Comair blasts SAA bailout

JSE listed aviation group Comair has issued a scathing attack against the latest South African Airways (SAA) and alleges that government has pumped about R17bn into SAA over the past 20 years to no result.

Under the latest bailout government has issued guarantees to the value R5bn to back SAA’s capital raising exercise which will largely be used to replenish SAA’s fleet.

Comair has argued that the bailouts are unfair to private airliners who not only have to deal with tough market conditions but a subsidies uncompetitive behaviour from the national carrier.

Comair CEO, Erik Venter, said In 1992, on deregulation of the domestic airline industry, the government developed an Aviation Transport Policy that was intended to govern the behaviour and funding of SAA in a competitive domestic environment.  This included the provisions that SAA was not allowed to cross subsidise domestic with international operations, and that it could not receive government funding or guarantees as long as private competitors were required to rely on commercial funding.

“We understand that SAA has to rely on its shareholder to the extent that it is required to deliver a public service, in this case servicing routes that are not commercially viable for private airlines. However this does not apply in the domestic market or even on many routes into Africa where South African based airlines are attempting to compete against SAA.  The losses incurred by SAA and Mango in the domestic market could not be sustained by a private airline, and have been incurred to protect SAA’s market share at the expense of its competitors and the taxpayer.  We do not see any controls in place that will prevent this from happening again,” says Venter.

The only way to achieve a level playing field in the domestic market would be to separate SAA’s domestic operations, including Mango and SA Express, into an independent legal entity with its own leadership and transparent financial reporting. The domestic operation would then have to operate on sound commercial principles and without any government support or indirect cross subsidy from SAA international.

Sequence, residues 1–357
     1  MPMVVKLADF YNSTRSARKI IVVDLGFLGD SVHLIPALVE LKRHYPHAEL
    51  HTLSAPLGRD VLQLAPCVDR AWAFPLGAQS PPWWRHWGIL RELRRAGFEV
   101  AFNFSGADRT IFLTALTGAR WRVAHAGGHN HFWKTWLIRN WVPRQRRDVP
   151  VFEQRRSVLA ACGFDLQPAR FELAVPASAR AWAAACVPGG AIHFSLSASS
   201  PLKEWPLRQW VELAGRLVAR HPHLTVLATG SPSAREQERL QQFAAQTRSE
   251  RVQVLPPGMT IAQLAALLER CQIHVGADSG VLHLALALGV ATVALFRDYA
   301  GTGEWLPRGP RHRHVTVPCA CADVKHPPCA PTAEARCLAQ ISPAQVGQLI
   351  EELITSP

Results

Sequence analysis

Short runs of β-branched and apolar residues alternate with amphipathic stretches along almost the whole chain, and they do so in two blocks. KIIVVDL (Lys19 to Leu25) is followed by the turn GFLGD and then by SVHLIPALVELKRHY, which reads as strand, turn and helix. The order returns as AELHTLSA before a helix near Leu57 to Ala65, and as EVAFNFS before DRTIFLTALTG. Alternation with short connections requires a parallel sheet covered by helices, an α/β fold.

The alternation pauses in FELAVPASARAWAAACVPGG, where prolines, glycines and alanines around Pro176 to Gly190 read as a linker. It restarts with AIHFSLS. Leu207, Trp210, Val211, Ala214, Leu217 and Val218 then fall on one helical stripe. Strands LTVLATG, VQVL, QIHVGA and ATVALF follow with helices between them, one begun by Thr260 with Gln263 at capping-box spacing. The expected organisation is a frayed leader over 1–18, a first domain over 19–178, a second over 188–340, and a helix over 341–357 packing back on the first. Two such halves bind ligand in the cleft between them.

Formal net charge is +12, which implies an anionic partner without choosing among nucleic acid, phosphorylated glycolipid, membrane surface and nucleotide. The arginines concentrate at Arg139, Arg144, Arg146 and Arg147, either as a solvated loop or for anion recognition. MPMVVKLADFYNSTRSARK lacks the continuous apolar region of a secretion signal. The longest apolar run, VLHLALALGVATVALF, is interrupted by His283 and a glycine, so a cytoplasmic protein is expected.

“The aviation industry is capital intensive and it is, therefore, necessary for airlines to behave in such a way as to make adequate profits and cash flow for reinvestment in aircraft.  SAA’s latest request for government funding for new planes is largely a result of SAA and Mango fighting their domestic competitors for market share at the expense of generating sufficient profits for sustainability,” says Venter.

Venter explains, “SAA, at least in the domestic market, is not like Transnet, in that there is a tax paying, private industry willing to fulfill the Southern African air transport requirements.  However, if the government fails to ensure the achievement of a level playing field, then we might return to a state monopoly for domestic air travel, which is exactly what the Aviation Transport Policy was designed to avoid.”

As a matter of industry survival, and maintaining competition in the market for domestic air travel, Comair has an obligation to challenge further government support that will benefit SAA’s domestic operation. SAA’s accumulated losses of R17-billion since deregulation, and the failure of nine of the 11 private airlines that have attempted to compete with SAA over the same period, is a clear indication of the impact of SAA’s assurance of state support.

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